Quality and Quantity of Education in the Process of Development
Ana Hidalgo-Cabrillana () and
Amparo Castello-Climent ()
No 238, 2010 Meeting Papers from Society for Economic Dynamics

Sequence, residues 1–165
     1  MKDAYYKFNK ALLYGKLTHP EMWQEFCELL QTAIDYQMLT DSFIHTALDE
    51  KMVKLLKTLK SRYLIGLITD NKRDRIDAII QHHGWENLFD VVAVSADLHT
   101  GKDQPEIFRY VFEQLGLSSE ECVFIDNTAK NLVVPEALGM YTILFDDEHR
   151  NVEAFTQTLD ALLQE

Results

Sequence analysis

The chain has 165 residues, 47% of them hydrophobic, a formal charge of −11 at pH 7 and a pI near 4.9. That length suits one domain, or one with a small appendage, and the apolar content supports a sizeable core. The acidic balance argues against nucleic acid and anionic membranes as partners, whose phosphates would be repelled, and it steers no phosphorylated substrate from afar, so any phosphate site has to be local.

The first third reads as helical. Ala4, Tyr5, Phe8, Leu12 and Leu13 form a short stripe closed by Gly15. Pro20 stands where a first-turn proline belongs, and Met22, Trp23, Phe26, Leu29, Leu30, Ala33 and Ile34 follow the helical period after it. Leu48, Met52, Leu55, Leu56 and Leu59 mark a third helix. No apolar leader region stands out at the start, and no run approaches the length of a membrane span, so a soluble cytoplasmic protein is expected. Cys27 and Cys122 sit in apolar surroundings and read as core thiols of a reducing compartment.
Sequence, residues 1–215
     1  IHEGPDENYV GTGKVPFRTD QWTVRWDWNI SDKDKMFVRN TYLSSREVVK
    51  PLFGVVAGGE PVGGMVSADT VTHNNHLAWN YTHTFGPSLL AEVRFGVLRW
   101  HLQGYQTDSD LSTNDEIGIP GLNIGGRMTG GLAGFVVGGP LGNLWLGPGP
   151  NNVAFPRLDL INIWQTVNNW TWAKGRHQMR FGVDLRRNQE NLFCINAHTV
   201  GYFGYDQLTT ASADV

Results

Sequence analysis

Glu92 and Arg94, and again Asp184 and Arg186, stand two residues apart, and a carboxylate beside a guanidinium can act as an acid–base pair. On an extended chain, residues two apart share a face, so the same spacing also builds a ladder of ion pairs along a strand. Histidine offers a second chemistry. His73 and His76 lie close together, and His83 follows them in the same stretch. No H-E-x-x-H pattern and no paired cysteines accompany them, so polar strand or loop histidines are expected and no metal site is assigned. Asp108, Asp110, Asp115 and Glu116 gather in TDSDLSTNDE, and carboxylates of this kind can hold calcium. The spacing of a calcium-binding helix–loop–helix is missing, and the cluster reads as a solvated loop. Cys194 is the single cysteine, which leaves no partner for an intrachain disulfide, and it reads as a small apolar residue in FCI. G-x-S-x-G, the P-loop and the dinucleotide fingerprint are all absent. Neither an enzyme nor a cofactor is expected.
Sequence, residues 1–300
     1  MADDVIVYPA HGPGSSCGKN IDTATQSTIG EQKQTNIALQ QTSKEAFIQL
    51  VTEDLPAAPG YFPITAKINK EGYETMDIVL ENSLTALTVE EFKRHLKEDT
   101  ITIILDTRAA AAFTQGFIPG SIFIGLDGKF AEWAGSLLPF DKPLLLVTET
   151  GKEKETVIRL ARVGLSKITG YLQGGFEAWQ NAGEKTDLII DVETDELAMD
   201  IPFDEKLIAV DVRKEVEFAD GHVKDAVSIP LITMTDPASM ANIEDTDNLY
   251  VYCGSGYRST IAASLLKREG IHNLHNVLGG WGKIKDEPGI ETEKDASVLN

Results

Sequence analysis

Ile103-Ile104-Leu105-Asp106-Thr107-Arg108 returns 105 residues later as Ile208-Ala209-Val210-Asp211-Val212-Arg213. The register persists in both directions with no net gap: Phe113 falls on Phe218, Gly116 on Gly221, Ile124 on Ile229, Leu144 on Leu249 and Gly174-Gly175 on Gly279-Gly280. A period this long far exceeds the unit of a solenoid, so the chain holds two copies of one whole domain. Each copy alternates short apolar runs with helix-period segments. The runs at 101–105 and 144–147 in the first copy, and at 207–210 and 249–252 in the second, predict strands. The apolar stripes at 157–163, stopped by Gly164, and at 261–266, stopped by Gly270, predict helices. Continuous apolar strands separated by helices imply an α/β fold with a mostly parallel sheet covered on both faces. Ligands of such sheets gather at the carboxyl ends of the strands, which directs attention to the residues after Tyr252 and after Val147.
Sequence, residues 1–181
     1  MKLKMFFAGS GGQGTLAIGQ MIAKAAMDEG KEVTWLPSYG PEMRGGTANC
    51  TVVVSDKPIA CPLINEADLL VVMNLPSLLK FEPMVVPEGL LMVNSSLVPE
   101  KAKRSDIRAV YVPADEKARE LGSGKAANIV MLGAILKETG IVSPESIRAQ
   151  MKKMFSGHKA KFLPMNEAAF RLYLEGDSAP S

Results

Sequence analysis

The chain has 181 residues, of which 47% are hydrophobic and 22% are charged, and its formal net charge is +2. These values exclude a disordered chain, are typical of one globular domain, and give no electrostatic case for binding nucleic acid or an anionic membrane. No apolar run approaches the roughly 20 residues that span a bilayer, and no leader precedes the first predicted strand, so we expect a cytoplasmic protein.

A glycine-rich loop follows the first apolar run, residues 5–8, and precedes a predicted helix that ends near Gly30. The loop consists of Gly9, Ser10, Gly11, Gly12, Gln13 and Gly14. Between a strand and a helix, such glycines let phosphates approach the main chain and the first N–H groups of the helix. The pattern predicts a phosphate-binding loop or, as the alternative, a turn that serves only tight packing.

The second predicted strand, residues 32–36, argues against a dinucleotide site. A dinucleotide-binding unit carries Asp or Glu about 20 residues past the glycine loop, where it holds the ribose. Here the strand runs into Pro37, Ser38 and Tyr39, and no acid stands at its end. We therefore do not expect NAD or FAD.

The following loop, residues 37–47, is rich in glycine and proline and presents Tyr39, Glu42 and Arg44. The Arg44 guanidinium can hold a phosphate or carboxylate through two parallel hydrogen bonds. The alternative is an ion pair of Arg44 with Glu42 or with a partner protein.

We develop a theory of educational quality to study how quality could account for schooling decisions regarding higher education (secondary and above), and how the distribution of educational attainment and educational quality differ with the level of development. In a general equilibrium closed economy, higher education requires an extra investment of private resources, whereas primary education does not. The theory states that human capital accumulation depends on quality through two channels. The extensive channel refers to access to higher education. Even with perfect capital markets, relatively low quality could discourage opportunities to pursue education beyond primary school, since low quality decreases the returns from higher education. As a result, agents could get stuck at primary levels, and the economy ends up being poor. The intensive channel establishes that once individuals decide to participate in higher schooling, the higher the quality of educational system, the larger the investment made by each agent. Using cross-country data, empirical evidence shows that the proposed channels seem to be quantitatively important. Furthermore, the quality of education proves to be an important determinant of economic growth, especially when the quality of education is relatively high. We also find that when quality and quantity are included as potential determinants of growth rates in real per capita GDP, both variables are statistically significant in developed countries, but in the top income economies our results show a predominant effect of quality over quantity of schooling.
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